|Mammal||Unofficial: Wolverine (Gulo gulo luscus)|
Game animal: White-tailed deer (Odocoileus virginianus)
|Reptile||Painted turtle (Chrysemys picta)|
|Tree||Eastern white pine (Pinus strobus)|
|Fossil||Mastodon (Mammut americanum)|
|Gemstone||Isle Royale greenstone|
|State route marker|
Released in 2004
|Lists of United States state symbols|
Michigan (// (listen)) is a state in the Great Lakes region of the upper Midwestern United States. Its name derives from a gallicized variant of the original Ojibwe word ᒥᓯᑲᒥ (mishigami), meaning 'large water' or 'large lake'. With a population of nearly 10.12 million and a total area of nearly 97,000 sq mi (250,000 km2), Michigan is the 10th-largest state by population, the 11th-largest by area, and the largest by area east of the Mississippi River.[b] Its capital is Lansing, and its largest city is Detroit. Metro Detroit is among the nation's most populous and largest metropolitan economies.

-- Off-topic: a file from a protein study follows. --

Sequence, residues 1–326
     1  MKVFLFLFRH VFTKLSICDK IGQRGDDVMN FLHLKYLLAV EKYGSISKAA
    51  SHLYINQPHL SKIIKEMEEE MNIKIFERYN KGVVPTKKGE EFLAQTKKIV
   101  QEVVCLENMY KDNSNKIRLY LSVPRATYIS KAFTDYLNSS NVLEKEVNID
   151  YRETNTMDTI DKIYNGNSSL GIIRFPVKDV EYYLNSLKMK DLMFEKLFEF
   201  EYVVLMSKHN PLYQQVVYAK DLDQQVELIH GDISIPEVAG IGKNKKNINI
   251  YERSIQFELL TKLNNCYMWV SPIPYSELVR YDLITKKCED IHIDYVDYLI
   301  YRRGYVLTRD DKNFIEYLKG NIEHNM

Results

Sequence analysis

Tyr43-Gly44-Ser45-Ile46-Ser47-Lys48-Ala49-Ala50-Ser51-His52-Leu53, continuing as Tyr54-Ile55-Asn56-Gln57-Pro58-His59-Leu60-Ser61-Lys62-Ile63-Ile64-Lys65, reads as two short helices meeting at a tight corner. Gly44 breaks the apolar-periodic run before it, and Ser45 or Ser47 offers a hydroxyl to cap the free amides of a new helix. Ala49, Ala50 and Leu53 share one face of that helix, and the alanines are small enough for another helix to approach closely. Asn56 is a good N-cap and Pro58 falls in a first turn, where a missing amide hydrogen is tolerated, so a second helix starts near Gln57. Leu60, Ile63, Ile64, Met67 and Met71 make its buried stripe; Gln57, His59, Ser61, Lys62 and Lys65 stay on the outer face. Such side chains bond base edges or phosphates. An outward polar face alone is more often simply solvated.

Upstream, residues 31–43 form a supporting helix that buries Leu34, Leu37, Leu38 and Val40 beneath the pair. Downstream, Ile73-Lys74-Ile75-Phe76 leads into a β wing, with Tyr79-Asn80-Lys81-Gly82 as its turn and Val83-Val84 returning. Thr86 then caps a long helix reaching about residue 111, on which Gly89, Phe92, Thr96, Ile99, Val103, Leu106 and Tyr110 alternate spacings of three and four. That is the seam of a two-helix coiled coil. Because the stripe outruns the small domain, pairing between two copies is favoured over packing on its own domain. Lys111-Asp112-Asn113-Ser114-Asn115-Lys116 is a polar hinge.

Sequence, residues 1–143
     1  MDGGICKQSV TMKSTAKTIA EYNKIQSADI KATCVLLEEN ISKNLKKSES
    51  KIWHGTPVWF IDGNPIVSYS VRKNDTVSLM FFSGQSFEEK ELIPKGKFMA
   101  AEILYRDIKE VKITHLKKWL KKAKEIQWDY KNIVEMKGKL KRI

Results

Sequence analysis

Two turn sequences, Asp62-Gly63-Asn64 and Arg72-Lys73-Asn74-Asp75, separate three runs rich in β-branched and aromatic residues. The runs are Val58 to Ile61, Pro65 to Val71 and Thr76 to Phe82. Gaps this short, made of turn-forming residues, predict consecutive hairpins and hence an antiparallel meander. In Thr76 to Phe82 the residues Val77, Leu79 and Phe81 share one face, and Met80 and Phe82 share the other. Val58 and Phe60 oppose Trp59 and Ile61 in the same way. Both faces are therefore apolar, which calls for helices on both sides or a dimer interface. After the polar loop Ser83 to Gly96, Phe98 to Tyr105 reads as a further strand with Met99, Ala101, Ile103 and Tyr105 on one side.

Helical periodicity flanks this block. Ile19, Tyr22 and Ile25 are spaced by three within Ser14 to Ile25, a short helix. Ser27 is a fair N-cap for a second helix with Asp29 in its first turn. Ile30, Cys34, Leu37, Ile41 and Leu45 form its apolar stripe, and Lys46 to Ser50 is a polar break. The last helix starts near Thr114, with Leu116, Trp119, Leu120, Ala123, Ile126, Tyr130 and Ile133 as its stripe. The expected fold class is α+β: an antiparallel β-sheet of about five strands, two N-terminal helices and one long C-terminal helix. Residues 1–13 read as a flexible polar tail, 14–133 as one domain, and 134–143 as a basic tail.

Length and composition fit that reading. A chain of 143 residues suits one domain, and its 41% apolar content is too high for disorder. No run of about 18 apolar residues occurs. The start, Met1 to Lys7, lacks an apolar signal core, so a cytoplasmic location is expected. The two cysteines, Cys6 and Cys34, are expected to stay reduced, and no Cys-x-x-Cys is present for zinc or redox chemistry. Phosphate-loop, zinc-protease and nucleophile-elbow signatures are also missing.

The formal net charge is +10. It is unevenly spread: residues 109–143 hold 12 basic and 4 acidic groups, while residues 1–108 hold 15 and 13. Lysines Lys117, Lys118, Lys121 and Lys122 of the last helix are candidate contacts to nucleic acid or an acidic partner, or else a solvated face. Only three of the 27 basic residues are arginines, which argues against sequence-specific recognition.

Michigan is the only state to consist of two peninsulas. The Lower Peninsula resembles the shape of a mitten, and comprises a majority of the state's land area. The Upper Peninsula (often called "the U.P.") is separated from the Lower Peninsula by the Straits of Mackinac, a five-mile (8 km) channel that joins Lake Huron to Lake Michigan. The Mackinac Bridge connects the peninsulas. Michigan has the longest freshwater coastline of any political subdivision in the world, being bordered by four of the five Great Lakes, plus Lake St. Clair. It also has 64,980 inland lakes and ponds. Michigan has the second-most water of any state, behind only Alaska.